Headstrong and determined to show Hawkeye that she can help the stricken village, Elizabeth starts to leave, but Reverend Bothwell stops to introduce himself, and he asks if he can obtain provisions from her. She says that when she returns later in the day, she will help him, but that now she must go to the Delaware camp to help the plague-stricken villagers. “Would you accompany me?” she asks. “I have medicine here that might relives some of the suffering.” But to her surprise, he says he will not go under any circumstances. “My heart goes out to them, and I will pray for their redemption, but I will not die for them,” he callously tells her. Upset by his refusal, she leaves for the camp.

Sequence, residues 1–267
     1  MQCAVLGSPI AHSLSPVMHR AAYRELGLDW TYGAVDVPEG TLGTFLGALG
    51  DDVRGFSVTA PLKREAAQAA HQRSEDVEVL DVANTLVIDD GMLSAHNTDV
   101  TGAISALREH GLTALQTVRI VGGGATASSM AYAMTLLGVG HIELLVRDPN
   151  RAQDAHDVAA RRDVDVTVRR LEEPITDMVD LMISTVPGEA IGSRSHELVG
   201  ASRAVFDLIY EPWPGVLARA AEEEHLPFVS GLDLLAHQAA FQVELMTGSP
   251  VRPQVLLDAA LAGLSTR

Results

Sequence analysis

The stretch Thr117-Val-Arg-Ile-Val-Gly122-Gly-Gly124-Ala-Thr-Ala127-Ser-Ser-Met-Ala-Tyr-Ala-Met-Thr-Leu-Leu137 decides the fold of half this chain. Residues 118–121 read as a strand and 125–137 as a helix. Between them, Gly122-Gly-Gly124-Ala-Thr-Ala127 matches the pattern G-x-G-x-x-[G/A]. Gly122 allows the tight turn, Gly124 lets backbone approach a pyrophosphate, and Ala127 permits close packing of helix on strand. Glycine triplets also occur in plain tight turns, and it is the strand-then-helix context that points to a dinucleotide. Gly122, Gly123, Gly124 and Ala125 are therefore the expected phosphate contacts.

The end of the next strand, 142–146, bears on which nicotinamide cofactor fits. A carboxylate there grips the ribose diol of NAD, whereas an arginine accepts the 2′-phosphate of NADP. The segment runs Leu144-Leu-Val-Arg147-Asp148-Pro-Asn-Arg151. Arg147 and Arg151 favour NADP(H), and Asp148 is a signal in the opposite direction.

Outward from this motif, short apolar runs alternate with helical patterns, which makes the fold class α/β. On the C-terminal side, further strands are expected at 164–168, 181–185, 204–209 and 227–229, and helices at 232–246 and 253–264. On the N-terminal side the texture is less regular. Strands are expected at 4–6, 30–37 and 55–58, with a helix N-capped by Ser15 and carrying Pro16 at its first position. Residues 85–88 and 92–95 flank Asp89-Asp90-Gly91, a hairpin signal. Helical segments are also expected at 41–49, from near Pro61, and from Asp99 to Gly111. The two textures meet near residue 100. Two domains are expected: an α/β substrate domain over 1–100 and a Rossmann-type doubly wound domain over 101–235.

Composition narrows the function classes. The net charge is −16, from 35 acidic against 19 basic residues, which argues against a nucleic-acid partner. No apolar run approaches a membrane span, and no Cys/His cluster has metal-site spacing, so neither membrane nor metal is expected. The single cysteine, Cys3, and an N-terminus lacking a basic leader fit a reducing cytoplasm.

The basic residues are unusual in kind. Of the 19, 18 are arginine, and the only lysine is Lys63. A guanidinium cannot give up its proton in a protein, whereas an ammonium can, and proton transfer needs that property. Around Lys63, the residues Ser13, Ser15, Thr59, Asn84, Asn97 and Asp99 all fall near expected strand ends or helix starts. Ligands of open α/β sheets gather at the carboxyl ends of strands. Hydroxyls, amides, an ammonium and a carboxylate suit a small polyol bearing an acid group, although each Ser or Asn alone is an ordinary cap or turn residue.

Chingachgook goes to the trading post to see Elizabeth, and McKinney tells him that she has gone doctoring. “I think she’s crazy, I wouldn’t go near no one with the plague, he says, and Chingachgook asks what is plague. “It’s another word for smallpox,” McKinney says, and tells Chingachgook that it is at a Delaware camp. As Elizabeth follows the path to Tagua’s camp, she feels that she is being followed. She turns to look behind her but sees no one. When she turns around, she is face to face with Tagua and another warrior. When she tells him who she is, and offers to help, showing her basket of medicine, he knocks it out of her hand, and grabs for his tomahawk. “You have brought death to my people,” Tagua says. “I meant no harm,” she says fearfully, backing away, but falls down a small embankment. Swiftly he jumps down, grabs her cloak firmly and raises his tomahawk to strike her dead. “This won’t hurt long, “ Tagua says to Elizabeth, who can do nothing but watch her death approaching, but the upraised hatchet shaft is shattered by a rifle shot. She turns to see Hawkeye and Chingachgook, with rifles raised. “Elizabeth, get up,” Hawkeye says, and she shakily climbs to her feet and staggers over to her rescuers. “Do not touch this woman,” Hawkeye says to Tagua. ”The spirits tell me what to do, not Hawkeye,” shouts Tagua. “Hear my words, Tagua, you kill this woman, I will kill you,” Hawkeye slowly says, as Elizabeth shelters behind him, and they turn to go.